Last Friday, we reported on Judge Marcia Krieger’s upholding of Colorado’s controversial gun control laws – laws passed last March that met with instant backlash from county sheriffs and outraged rural voters, who recalled two of the State Senators who helped get the measures through the Legislature.
In a heavily-qualified 50-page decision, Krieger whittled down the Constitutional context for her ruling to one primarily focused on the laws’ impact on the efficacy of firearms for self defense, and sided with Democratic Governor John HIckenlooper, the named defendant who signed the bills into law in March of 2013.
But Weld County Sheriff John Cooke, one of the many plaintiffs on the losing side of that decision, has indicated the court fight to overturn the laws is far from over, telling Breitbart on Tuesday that his party is preparing to appeal the ruling:
What I’ve told people around here – and wherever people come up to me and say, “I can’t believe that ruling,” or “At least you tried” – what I say is, “Wait a minute. This is a fight. This is ten rounds, and we just got knocked down in the first round, and we got back up, and we’re going to continue the fight. We’re not giving up, and we’re not going to stop.”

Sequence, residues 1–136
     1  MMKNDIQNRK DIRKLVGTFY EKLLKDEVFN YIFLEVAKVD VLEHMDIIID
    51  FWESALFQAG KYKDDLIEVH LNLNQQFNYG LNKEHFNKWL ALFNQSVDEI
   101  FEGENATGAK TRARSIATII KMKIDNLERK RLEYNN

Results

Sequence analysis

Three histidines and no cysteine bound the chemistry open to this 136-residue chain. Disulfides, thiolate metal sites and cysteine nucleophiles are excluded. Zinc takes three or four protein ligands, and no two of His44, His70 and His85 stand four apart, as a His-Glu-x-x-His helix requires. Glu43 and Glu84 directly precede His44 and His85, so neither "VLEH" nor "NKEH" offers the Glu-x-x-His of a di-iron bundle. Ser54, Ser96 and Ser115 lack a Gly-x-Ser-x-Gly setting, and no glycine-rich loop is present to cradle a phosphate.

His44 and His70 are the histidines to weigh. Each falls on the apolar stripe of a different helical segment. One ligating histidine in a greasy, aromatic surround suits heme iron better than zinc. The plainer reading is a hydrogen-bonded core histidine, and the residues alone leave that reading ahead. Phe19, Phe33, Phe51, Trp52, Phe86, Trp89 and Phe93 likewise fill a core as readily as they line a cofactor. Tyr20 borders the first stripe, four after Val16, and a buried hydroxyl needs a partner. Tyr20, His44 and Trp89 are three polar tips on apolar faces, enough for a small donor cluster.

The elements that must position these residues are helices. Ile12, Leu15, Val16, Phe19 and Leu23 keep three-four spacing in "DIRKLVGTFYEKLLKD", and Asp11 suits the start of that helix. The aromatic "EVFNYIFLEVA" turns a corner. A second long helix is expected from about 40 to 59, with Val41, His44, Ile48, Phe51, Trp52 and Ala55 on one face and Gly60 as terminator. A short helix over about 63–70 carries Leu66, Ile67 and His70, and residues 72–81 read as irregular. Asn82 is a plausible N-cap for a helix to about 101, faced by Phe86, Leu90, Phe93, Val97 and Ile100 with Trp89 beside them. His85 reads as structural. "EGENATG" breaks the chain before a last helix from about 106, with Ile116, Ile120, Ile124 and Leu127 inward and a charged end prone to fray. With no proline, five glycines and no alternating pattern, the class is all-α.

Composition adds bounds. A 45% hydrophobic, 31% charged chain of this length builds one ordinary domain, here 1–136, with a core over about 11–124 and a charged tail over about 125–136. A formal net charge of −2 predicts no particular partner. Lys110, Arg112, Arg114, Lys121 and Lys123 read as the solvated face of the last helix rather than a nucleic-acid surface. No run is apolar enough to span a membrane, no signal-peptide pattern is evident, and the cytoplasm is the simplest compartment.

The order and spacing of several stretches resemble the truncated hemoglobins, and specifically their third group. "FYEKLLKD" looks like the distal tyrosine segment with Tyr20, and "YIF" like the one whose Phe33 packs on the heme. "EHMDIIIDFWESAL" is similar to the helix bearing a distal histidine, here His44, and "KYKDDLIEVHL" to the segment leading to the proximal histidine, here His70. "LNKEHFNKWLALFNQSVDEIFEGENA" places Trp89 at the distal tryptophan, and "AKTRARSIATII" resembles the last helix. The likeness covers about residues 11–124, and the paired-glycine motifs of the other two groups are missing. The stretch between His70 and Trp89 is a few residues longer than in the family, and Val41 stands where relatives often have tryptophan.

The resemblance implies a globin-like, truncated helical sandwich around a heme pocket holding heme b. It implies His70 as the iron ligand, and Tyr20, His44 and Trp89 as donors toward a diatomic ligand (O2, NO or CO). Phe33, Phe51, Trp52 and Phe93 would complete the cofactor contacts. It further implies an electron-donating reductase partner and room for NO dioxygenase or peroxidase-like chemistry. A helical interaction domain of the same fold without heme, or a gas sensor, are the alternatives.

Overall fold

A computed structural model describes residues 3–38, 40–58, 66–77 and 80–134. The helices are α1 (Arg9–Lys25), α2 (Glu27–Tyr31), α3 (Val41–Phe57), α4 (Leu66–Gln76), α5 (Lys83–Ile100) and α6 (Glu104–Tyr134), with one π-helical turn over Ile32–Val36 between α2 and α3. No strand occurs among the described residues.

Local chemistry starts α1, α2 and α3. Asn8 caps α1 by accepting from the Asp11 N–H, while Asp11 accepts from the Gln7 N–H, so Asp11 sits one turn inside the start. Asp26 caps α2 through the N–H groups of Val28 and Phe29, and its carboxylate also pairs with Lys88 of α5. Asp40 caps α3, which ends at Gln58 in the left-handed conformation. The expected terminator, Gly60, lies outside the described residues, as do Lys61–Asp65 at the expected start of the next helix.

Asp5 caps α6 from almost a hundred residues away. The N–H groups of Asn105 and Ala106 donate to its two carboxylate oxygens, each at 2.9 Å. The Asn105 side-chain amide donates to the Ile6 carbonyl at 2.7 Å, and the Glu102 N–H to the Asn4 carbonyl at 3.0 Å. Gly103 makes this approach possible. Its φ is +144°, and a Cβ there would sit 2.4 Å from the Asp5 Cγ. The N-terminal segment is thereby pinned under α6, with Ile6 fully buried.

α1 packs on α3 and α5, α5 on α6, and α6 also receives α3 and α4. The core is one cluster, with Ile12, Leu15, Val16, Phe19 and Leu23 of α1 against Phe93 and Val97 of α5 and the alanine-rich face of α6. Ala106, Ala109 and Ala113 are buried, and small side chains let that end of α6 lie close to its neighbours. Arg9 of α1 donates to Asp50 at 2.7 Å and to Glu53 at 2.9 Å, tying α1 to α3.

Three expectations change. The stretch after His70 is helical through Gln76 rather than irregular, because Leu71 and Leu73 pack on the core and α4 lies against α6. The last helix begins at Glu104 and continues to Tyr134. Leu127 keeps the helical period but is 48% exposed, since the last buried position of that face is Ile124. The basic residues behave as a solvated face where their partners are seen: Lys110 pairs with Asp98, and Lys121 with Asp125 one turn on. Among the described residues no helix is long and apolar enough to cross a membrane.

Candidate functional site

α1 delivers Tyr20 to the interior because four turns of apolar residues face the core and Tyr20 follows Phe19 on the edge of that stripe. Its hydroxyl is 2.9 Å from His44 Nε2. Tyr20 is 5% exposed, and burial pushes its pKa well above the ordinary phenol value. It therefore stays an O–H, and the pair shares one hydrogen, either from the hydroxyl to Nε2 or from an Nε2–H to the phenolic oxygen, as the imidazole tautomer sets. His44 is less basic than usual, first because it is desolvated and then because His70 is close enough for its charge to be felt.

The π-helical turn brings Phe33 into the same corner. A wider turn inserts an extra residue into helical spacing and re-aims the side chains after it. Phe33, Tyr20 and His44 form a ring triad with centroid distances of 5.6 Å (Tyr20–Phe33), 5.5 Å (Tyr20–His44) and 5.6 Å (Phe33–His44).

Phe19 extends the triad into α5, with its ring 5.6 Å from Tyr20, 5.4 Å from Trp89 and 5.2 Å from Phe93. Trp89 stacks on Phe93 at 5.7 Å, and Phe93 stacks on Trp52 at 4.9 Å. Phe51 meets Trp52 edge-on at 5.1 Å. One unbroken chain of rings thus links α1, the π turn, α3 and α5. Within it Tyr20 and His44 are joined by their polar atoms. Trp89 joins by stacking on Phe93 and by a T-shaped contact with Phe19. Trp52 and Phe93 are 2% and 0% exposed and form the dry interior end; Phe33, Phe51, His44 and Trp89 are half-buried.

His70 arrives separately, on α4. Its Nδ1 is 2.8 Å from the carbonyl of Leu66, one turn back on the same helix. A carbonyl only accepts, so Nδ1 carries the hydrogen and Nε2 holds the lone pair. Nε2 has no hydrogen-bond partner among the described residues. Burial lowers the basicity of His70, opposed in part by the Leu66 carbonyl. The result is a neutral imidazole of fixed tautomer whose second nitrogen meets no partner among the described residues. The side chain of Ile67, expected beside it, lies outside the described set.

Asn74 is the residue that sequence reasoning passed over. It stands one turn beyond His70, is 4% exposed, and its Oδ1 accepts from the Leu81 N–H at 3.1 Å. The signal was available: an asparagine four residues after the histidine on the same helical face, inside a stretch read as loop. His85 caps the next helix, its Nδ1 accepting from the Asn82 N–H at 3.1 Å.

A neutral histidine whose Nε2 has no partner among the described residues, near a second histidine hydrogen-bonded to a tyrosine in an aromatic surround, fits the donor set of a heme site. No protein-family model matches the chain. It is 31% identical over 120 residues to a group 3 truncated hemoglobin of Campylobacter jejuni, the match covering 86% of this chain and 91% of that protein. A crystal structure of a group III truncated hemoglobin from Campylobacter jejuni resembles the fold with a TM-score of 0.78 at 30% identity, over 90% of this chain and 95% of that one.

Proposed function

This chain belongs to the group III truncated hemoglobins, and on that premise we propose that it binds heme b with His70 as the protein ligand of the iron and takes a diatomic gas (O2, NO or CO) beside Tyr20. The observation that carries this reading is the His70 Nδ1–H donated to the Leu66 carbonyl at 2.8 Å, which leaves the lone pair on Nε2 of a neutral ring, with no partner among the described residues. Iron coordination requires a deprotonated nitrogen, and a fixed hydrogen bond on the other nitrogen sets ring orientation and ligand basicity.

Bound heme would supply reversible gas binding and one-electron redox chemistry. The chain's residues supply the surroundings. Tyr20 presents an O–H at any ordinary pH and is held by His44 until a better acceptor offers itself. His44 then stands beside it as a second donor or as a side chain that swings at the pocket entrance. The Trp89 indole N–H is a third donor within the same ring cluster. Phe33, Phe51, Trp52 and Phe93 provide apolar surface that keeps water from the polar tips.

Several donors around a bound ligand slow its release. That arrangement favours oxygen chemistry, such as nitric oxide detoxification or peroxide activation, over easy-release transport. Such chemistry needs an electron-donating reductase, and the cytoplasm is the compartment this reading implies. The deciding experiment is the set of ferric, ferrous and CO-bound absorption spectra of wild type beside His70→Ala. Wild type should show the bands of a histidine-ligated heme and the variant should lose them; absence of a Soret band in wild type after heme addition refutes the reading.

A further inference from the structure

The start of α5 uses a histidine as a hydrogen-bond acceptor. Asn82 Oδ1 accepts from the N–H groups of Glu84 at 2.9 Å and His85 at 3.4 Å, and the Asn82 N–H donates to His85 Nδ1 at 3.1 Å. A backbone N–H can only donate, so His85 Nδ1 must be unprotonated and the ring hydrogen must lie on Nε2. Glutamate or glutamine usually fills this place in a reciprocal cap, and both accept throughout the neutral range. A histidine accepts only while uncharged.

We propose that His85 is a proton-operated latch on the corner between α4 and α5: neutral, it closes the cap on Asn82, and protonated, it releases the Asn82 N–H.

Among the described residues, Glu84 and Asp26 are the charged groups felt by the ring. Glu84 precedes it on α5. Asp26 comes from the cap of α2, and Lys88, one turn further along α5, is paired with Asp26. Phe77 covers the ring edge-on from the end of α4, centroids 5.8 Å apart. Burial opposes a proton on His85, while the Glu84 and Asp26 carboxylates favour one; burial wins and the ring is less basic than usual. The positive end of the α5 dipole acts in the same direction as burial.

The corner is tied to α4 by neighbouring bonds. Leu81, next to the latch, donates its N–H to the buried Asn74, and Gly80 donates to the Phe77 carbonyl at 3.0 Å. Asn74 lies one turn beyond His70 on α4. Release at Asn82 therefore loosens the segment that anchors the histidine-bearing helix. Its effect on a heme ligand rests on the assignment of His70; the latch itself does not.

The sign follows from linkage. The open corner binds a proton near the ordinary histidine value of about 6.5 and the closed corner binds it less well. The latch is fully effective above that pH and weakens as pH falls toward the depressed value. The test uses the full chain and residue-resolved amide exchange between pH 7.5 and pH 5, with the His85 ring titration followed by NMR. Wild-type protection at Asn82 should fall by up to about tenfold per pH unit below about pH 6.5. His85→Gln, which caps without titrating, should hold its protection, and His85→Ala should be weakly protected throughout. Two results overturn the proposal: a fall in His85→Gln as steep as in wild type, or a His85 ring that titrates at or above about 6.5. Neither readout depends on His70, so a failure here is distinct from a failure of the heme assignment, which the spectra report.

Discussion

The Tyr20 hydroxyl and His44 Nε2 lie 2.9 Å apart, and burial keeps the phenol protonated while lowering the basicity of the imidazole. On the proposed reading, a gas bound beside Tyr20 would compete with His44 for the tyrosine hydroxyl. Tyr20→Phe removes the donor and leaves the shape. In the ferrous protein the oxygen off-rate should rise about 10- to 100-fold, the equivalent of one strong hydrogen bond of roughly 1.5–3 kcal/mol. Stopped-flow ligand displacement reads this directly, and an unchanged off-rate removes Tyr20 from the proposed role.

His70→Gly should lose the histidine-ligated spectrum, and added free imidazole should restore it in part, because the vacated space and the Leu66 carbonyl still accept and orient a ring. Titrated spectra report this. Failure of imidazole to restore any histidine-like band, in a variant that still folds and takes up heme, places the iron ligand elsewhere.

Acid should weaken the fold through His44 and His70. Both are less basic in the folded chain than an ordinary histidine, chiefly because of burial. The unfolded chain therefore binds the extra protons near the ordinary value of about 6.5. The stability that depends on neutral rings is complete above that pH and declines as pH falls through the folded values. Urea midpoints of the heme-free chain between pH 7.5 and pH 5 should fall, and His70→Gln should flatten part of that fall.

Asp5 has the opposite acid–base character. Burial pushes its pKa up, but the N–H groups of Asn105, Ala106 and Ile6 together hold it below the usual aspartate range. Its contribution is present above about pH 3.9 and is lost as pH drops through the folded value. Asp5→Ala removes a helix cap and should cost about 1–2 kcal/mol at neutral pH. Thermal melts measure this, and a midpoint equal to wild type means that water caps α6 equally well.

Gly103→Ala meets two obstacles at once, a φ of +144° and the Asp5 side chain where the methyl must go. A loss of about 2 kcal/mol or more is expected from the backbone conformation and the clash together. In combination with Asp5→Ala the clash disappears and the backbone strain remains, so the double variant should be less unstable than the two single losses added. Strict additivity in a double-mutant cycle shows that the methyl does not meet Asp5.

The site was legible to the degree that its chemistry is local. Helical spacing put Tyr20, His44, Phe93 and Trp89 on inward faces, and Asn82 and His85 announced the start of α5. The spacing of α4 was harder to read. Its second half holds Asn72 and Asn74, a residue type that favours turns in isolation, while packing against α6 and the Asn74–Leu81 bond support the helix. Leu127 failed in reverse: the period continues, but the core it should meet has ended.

We are going to file an appeal. We have until July 25 to file our notice of appeal, and our attorneys are already working on it.
As I’ve said before, District of Columbia v. Heller (2008) and McDonald v. Chicago (2010) weren’t settled in district court. They both lost their first rounds and had to take it to the Supreme Court to overturn the DC ban and the Chicago gun law.
Precedents established in both Heller and Chicago proved vital in Judge Krieger’s framing of her decision last week, although she relied on those precedents to arrive at a conclusion that disappointed the many sheriffs, companies, organizations and residents who signed on as plaintiffs.
As the case moves through the appeals process, we’ll keep you posted.